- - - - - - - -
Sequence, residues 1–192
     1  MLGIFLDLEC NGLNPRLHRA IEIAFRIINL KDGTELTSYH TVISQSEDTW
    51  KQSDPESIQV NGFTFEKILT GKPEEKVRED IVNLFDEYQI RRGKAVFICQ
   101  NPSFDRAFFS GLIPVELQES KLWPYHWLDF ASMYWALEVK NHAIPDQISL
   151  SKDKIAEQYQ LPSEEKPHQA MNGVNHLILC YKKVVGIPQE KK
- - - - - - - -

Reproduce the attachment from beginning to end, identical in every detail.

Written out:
Sequence, residues 1–192
     1  MLGIFLDLEC NGLNPRLHRA IEIAFRIINL KDGTELTSYH TVISQSEDTW
    51  KQSDPESIQV NGFTFEKILT GKPEEKVRED IVNLFDEYQI RRGKAVFICQ
   101  NPSFDRAFFS GLIPVELQES KLWPYHWLDF ASMYWALEVK NHAIPDQISL
   151  SKDKIAEQYQ LPSEEKPHQA MNGVNHLILC YKKVVGIPQE KK